There was a systematic effort by management to downplay the forces at work for political purposes, said Nolan Rosenkrans, a Blade reporter and president of the Toledo Newspaper Guild. The Pittsburgh Post-Gazette and Toledo Blade, both owned by John and Allan Block, endorsed Trump for president last year and have been big supporters.
Susan Allan Block, the wife of Allan Block, shared an inflammatory post in support of the mob that included a sexist slur aimed at the incoming vice president. After the Guild locals brought their complaints to light, the post was deleted and Block resigned from her position as a state-appointed member of the Ohio Arts Council.
Journalists engaged in a three-day byline strike to protest management’s actions and to show solidarity with readers who were outraged by management’s actions and by the inflammatory post.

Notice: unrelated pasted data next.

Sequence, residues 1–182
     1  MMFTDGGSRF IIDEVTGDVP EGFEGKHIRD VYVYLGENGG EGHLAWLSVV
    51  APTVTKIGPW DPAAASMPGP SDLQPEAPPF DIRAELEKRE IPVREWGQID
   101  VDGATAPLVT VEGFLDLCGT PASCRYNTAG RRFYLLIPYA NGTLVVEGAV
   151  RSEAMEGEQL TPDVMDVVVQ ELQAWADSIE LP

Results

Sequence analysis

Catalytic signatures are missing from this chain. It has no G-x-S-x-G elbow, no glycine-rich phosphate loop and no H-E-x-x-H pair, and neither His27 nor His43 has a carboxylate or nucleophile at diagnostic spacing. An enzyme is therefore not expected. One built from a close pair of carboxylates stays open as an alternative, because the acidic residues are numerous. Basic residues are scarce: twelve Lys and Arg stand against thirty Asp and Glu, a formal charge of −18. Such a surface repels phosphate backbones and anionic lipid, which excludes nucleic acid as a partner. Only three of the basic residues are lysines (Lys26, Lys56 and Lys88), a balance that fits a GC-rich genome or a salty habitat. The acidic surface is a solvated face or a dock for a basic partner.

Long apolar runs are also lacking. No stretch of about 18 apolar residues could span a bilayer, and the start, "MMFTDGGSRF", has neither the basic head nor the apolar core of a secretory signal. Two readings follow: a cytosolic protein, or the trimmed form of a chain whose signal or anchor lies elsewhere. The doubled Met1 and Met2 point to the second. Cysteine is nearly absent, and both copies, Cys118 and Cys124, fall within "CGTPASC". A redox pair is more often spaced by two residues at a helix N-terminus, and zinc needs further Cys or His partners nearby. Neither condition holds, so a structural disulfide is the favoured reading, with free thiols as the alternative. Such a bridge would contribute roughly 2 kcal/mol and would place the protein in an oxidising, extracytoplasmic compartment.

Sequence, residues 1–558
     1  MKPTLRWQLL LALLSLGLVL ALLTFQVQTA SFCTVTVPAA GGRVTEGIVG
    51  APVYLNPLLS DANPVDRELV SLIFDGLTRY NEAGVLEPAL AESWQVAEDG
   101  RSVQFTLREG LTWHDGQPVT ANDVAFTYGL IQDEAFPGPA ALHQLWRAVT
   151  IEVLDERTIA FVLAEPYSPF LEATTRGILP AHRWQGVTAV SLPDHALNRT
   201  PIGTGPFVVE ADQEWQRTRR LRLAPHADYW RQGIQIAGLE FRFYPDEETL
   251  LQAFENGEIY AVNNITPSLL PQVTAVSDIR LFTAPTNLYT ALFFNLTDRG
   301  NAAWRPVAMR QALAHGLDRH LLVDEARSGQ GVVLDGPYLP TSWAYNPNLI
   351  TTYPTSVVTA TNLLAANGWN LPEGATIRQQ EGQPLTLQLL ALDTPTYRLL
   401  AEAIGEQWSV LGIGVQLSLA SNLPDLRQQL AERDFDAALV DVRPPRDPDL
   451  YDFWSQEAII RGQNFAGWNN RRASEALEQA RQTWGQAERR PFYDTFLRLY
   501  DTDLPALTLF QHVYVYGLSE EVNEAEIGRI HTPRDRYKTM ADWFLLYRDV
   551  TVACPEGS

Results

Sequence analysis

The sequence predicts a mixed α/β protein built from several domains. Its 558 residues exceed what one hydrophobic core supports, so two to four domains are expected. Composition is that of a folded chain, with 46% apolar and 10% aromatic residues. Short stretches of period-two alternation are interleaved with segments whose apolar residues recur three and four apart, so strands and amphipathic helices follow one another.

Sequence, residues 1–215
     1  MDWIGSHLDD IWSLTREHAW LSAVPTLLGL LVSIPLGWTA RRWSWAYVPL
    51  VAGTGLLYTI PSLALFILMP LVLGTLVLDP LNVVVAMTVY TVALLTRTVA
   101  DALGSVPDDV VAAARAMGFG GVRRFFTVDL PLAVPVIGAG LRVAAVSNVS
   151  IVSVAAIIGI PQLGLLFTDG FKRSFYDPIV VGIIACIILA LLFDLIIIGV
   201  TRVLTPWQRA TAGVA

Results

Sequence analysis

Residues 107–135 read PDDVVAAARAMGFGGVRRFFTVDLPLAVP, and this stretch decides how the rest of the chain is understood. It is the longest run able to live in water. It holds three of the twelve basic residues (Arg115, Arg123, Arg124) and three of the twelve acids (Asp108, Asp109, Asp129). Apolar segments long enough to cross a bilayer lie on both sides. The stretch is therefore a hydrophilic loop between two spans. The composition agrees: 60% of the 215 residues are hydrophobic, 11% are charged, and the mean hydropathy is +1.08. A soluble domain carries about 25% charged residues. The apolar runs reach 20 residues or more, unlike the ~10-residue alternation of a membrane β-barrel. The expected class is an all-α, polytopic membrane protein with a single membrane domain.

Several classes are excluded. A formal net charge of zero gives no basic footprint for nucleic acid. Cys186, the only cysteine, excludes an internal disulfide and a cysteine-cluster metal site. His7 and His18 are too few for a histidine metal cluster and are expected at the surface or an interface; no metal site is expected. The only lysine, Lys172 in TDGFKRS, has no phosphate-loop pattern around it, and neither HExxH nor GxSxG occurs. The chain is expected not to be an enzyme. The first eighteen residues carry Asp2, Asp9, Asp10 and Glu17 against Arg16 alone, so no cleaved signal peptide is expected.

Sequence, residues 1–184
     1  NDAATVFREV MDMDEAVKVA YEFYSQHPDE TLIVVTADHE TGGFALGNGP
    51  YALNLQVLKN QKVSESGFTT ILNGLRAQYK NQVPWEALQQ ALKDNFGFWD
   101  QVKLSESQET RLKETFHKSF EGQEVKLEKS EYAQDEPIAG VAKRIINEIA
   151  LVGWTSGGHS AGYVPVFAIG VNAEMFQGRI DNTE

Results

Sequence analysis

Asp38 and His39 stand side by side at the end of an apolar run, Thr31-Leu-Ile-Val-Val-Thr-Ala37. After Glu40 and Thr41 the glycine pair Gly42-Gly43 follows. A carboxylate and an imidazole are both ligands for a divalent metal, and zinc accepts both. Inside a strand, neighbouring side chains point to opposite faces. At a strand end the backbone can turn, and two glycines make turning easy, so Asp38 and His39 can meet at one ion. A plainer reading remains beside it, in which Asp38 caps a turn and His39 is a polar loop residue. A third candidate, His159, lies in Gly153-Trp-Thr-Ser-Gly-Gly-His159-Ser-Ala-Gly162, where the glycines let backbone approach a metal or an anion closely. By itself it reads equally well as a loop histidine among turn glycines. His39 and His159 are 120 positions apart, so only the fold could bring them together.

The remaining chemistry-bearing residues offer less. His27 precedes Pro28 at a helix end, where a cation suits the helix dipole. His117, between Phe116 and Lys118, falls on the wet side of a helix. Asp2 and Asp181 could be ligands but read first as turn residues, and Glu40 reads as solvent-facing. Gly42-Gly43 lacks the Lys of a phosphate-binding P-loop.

The United Media Guild is seeking candidates for a Staff Representative/Contract Campaign Lead position. The successful applicant will begin working remotely and move to Texas when it is safe. The assignment will last one year, with a possible extension for an additional year.
This is a hands-on job. The successful applicant will work daily with bargaining committees, shop stewards, contract action teams and the membership to help build a member-led contract campaign and unit structure. Only people with extensive experience running contract campaigns, bargaining and organizing should apply. Send a resumé, cover letter and three references to Shannon Duffy, firstname.lastname@example.org, by Jan. 22.